Weekly study4 hours
Data Tells a Story: Reading Data in the Social Sciences and Humanities
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How can we answer questions about the world around us? How can we make decisions about what to do? Over the past years, more and more people have turned to data for help. Huge amounts of data are collected every day from millions of sources. This data has a lot to tell us! But data by itself is mute—it can only help us if we learn to make it speak and tell its story.
In this short free online course, we will introduce basic ideas about collecting data, and techniques for turning data into information we can use. Along the way, we will hear from researchers at Loughborough University about the ways they use data in their work.
Learn to answer questions with data
In the first week, we will start by considering some questions drawn from arts, political science, geography and sport that we want to answer. We will think about what sort of data we might be able to use to answer these questions, and how we might go about finding this data.
Once we have data, we will start to explore it using some visual tools we can either create by hand or using apps online. We will discuss how to understand these visualisations and begin to read what our data has to say.
In the second week, we will follow up with ways to summarise and present data. You will learn how to choose the right summary for the type of data you have collected and the question you are trying to answer.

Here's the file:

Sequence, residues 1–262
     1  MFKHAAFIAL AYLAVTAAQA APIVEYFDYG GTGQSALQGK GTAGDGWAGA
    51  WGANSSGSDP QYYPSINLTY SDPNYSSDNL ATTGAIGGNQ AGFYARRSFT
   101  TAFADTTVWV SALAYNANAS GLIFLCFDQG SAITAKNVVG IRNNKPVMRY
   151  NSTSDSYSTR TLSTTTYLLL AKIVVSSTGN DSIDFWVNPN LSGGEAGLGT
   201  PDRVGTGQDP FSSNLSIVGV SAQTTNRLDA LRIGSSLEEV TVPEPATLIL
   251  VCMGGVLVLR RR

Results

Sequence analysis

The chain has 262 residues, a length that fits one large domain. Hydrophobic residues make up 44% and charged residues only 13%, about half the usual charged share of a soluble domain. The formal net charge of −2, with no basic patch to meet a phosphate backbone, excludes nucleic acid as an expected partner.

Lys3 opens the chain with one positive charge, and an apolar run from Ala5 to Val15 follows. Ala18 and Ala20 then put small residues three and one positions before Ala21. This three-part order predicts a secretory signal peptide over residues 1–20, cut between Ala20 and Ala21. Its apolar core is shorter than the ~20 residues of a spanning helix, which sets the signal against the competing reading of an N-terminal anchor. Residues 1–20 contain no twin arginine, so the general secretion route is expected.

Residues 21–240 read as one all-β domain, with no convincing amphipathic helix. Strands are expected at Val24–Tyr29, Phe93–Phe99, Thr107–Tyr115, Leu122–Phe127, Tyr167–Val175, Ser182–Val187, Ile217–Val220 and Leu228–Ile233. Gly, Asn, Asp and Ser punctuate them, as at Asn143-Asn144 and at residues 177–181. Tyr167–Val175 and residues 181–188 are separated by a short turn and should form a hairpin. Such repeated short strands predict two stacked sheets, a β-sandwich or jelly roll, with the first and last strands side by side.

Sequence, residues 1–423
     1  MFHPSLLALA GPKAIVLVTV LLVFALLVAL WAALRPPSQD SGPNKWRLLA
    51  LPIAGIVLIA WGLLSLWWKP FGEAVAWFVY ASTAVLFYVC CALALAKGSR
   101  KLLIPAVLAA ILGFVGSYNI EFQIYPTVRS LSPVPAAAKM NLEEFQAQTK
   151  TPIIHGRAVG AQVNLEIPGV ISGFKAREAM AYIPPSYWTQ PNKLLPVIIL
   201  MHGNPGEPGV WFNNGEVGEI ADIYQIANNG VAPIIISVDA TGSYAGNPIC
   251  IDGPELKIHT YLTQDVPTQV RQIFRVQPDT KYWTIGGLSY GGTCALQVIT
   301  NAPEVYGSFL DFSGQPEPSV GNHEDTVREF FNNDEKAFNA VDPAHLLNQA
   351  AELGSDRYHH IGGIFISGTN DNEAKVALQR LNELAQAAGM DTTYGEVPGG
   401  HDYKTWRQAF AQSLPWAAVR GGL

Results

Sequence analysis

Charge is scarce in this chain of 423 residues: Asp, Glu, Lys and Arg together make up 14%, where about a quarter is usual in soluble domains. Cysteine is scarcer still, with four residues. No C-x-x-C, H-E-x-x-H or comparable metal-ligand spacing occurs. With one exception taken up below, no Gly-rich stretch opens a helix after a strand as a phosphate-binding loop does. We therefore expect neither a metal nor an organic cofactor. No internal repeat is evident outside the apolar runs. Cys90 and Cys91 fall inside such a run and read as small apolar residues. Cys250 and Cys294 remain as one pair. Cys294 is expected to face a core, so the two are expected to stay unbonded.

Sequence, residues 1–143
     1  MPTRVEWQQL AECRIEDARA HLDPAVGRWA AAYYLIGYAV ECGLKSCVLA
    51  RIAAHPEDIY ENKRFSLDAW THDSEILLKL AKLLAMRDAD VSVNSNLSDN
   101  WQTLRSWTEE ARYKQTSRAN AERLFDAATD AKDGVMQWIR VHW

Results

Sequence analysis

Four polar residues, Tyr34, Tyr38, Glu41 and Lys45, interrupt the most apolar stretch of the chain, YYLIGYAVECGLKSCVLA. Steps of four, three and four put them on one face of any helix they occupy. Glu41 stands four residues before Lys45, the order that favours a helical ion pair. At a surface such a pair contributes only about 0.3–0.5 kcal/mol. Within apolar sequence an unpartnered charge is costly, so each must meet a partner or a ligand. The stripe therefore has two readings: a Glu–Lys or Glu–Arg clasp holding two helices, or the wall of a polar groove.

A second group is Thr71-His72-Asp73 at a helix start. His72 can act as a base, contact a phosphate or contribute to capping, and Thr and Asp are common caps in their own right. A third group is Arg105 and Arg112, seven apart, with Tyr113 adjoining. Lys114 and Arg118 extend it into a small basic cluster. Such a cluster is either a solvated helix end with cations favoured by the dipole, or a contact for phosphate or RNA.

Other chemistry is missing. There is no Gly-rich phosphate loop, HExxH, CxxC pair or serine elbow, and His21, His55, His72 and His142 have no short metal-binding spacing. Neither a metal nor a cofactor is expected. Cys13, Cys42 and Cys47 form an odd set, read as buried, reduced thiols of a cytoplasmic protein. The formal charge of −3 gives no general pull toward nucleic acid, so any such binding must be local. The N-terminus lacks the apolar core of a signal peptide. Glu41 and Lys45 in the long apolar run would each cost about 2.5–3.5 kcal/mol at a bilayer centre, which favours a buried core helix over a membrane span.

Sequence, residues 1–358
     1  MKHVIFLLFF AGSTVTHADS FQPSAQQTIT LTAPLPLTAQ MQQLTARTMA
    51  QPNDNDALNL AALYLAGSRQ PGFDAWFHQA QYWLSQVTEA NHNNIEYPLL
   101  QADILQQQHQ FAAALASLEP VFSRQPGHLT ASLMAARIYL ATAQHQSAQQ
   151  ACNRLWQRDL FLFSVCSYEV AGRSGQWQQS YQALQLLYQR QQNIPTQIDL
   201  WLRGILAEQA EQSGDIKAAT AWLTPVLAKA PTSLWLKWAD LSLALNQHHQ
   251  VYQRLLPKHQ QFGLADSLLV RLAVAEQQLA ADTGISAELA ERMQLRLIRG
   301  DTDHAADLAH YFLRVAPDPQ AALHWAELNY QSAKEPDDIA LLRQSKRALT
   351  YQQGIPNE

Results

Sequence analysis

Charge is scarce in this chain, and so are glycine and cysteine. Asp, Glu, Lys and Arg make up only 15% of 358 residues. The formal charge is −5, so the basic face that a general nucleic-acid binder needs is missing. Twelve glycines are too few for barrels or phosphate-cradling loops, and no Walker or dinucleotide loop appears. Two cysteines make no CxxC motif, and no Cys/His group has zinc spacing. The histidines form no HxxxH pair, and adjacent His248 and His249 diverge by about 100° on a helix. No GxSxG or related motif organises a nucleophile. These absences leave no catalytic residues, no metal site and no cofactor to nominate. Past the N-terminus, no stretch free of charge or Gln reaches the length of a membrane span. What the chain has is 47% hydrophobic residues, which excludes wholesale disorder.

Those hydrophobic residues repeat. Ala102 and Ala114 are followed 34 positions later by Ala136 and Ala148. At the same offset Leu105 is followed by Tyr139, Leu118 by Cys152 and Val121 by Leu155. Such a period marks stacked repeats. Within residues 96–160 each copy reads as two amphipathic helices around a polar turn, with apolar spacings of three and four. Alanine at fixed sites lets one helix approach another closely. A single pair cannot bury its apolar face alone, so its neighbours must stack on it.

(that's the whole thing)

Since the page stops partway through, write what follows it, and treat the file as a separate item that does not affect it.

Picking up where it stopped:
We will conclude with an article about how to make meaningful comparisons using data, and an explanation of the critical concept of significance. We will look at the data we have collected and use these techniques to see what it has to say about our starting questions.
Throughout the course, we will be collecting, sharing, analysing and discussing our own data and learning what it has to say about some specific questions.
Improve your critical thinking skills
Although there exist very difficult and mathematically complicated methods of analysing data, the fundamentals of data analysis come from general critical thinking, and can be grasped with the basic examples and techniques we will cover. By the end of this course, you will have learned about how data can help answer questions in a variety of disciplines, and have hands-on experience with data collection and analysis.
Learning on this course
You can take this self-guided course and learn at your own pace. On every step of the course you can meet other learners, share your ideas and join in with active discussions in the comments.
What will you achieve?
By the end of the course, you‘ll be able to...
- Collect data relevant to questions in several different areas.
- Assess the quality of data collected for answering a question.
- Explore what data has to tell you through visualisation tools.
- Summarise data using basic numerical summaries.
- Compare two datasets in a meaningful way.
Who is the course for?
This course is open to anyone with a primary level education in maths and good critical thinking skills. It is suitable if you are:
- Starting or considering a course in arts, humanities, social sciences or sport
- In a career where data analysis is becoming relevant
- Curious about applications of data to a wide range of disciplines
- Interested in learning about and experimenting with how data can be collected and studied to help answer questions